Skip to content Skip to footer

By Justin Gomes and Luke Vavuris

Las Positas is considered the top Community College in the state, and fourth in the country. It boasts some of the best academic and athletic facilities in the region, but Las Positas has a significant deficit in spring sports programs.  

Las Positas’ sports program has a noticeable vacancy in the spring. Swimming and diving monopolizes the post-basketball portion of the calendar. Meanwhile, an all-weather track, laid in 2011, sits relatively unused. A solar farm occupies land already allocated for a baseball diamond. For a school with such quality facilities and plans for more, the question begs: why are there so few teams in the Hawks’ athletic department?

Judging by the presence of new buildings on campus, resources wouldn’t appear to be an issue. The costs related to starting and maintaining a sports program are one of the primary hurdles to a more robust sports program. A second obstacle is student interest, as finding players is a constant struggle.

The push for more sports at Las Positas is underway. The cross-country program, according to President Dyrell Foster, is first up to be revitalized. School administrators and athletic staff declare they are committed to at least investigating the feasibility of more sports. But it may not be as simple as it seems.

With a bigger focus on the quality of education at Las Positas, the sports programs have suffered. In 2017 Las Positas traded its track and field program as well as the cross-country program to Chabot College for women’s volleyball, further reducing the spring offerings for athletes.

It is a situation that President Foster and the Las Positas board of directors are looking to remedy. But with challenges with the budget, their options remain limited. Adding programs using facilities already in place is the most cost-effective first step. Foster has confirmed that they are in talks to bring back the Cross Country program for the 2025 school year.

“What makes more sense for us right now is the cross-country team,” Foster said. “So we’re going to be starting with cross country, I’m hoping in the fall. And then that eventually will lead to a track and field program because we have the facilities for that.”

This may not be the answer every student current or future is looking for but it is a start. Many would like to see the addition of baseball or softball, but building a new program is a complex process. There are many costs associated with the addition of these programs. There are facility costs not only to build but maintain. There is the cost of uniforms and team travel. Another budgetary concern is the staff for such programs. Other schools with larger enrollment numbers can absorb some of those costs while also having the facilities already in place.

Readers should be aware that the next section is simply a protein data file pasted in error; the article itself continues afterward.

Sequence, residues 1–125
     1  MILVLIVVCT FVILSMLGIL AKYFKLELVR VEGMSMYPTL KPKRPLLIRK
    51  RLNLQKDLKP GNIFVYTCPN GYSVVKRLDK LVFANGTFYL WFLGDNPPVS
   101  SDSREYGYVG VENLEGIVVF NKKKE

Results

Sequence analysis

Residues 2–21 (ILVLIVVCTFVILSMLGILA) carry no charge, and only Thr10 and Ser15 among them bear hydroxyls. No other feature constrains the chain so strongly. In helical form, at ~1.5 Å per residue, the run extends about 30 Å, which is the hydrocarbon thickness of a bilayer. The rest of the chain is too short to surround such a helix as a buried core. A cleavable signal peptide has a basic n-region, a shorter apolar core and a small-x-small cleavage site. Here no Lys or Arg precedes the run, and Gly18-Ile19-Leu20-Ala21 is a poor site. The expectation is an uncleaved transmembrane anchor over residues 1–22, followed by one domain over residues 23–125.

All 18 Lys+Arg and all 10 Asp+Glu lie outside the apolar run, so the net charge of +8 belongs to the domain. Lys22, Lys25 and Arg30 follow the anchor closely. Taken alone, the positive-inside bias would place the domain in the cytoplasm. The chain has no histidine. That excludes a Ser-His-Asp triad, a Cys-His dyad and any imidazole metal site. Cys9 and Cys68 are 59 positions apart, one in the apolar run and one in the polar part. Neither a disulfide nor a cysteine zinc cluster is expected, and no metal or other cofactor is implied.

Another challenge Las Positas faces before expanding its offerings is student participation. Without student interest, the programs can not exist in the first place. Established fall sports have struggled with finding players in the last year, with the women’s basketball team being forced to forfeit multiple games during the 2022-23 season. Las Positas’ soccer and men’s basketball programs remain a big draw for both players and fans. 

Some members of the athletic staff believe that with more programs the draw for enrollment would also increase.

“Adding to their spring sports catalog will not only benefit the athletic scene,” Kevin Kramer, LPC Dean of Public Safety said. “But will also help improve the overall campus by increasing enrollment and student participation in extracurricular activities.”

But the Athletic Department aren’t the only ones who can add to the athletic scene of Las Positas, there is more students can do to bring programs to the college. In recent years, Las Positas was home to a student-run nationally-ranked Ultimate Frisbee club. Many programs have their roots in student clubs. Cheer and dance squads could become a reality with student interest.

The current students need to be the building blocks. Many may not see the fruits of their labor, but future students may have the opportunity to participate in programs not available to students in the past. A more active student body, and an increased focus from the directors of LPC could mean a busier spring athletic schedule in a few years time.

Justin Gomes is the Editor-in-Chief of The Express. Follow him on X, formerly Twitter, @JLGPHOTOG. Luke Vavuris is a staff writer for The Express. Follow him on X, formally Twitter, @Luke5068.

Show CommentsClose Comments

Leave a comment

This site uses Akismet to reduce spam. Learn how your comment data is processed.